Making change happen: Collaboration, and the power of Storytelling

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Children reading Lafaek Community Magazine. Photo Credit Sarah Rippin/CARE

I’ve been working in Dili, the capital of Timor-Leste (East Timor) this week, and it’s been a privilege as always to spend time in new surrounds. More so when stationed one hundred metres from the sea, with spectacular daily sunsets, and some of the tastiest coffee money can buy. 

Timor is an island, just a short hop north of Darwin, Australia, and up until quite recently, following 500 years of Portuguese occupation, was an Indonesian colony (between 1975 and 1999). The western side of the island is still governed by Indonesia. Timor-Leste claimed its independence in 2002.

Like so many other countries in 2016, Timor-Leste is experiencing the effects of the current El Nino droughts, disrupting the country’s wet season and ruining harvesting potential. A topic covered on this site back in March during my time in Ethiopia.

My assignment this week, however, has been to support CARE’s work to engage more with private sector companies in Timor-Leste (banks, retail, media and others) and examine ways in which, together, initiatives and relationships can be forged to tackle some of the social and economic challenges the country faces – poor infrastructure, lack of employment opportunities, issues around food security and nutrition, financial literacy, to name a few. Even without a more severe El Nino year, Timor-Leste is dealing with all of these mini crises combined.     Continue reading “Making change happen: Collaboration, and the power of Storytelling”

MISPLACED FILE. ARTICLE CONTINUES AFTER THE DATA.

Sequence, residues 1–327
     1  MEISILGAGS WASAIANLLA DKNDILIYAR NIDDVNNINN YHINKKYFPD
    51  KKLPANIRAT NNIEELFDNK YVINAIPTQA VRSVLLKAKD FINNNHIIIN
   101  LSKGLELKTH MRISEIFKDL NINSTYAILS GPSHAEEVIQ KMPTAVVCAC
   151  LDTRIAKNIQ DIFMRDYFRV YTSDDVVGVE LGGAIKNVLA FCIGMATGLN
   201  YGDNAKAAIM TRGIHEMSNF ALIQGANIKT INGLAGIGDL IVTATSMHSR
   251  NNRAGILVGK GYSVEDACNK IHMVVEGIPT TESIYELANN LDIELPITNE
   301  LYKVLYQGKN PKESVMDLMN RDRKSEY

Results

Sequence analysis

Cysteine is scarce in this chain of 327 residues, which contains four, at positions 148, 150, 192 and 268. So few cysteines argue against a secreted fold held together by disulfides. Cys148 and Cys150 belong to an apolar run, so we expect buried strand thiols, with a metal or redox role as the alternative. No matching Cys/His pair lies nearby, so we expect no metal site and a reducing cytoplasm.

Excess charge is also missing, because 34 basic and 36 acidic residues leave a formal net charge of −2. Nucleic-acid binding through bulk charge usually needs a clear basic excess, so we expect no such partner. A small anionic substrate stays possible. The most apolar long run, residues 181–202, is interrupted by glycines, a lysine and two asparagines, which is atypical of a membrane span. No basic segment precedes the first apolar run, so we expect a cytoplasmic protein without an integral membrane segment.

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Generosity of Thought (Dan Pallotta TEDTalk)


“Reinventing the way humanity thinks about changing things”…

Bravo to that.

Raising the bar on tax

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What can you do today that will make a difference?

George Osborne, the UK Chancellor, was front page news yesterday, receiving positive plaudits from Action Aid and the ONE Campaign, as well as from other organisations also not known for being routinely generous with such public praise.

The story in question centres around how large corporations have skillfully dodged paying taxes to poorer countries in which they conduct business.  Osborne used his attendance at a G20 meeting of finance ministers to make UK Govt commitments to a “new agenda of transparency” that will move towards stamping out skillful tax dodging by said corporations.

At the same time, he took the opportunity, quite rightly, to reinforce his government’s own pledge to increase to 0.7% (of GNI – gross national income) the funds it spends on international development programmes around the world.

The argument against increasing this UK “aid” budget has been made time and again since the Conservatives took office nearly 3 years ago, and no doubt Osborne’s piece in the Observer will not go down well with many.  Whilst 0.7% is a small percentage compared to other government budgets, it still amounts to tens of millions of pounds of tax payers’ money.  All other public sector budgets have been cut and, last year, the UK economy flat-lined, triple dipping back into recession. Continue reading “Raising the bar on tax”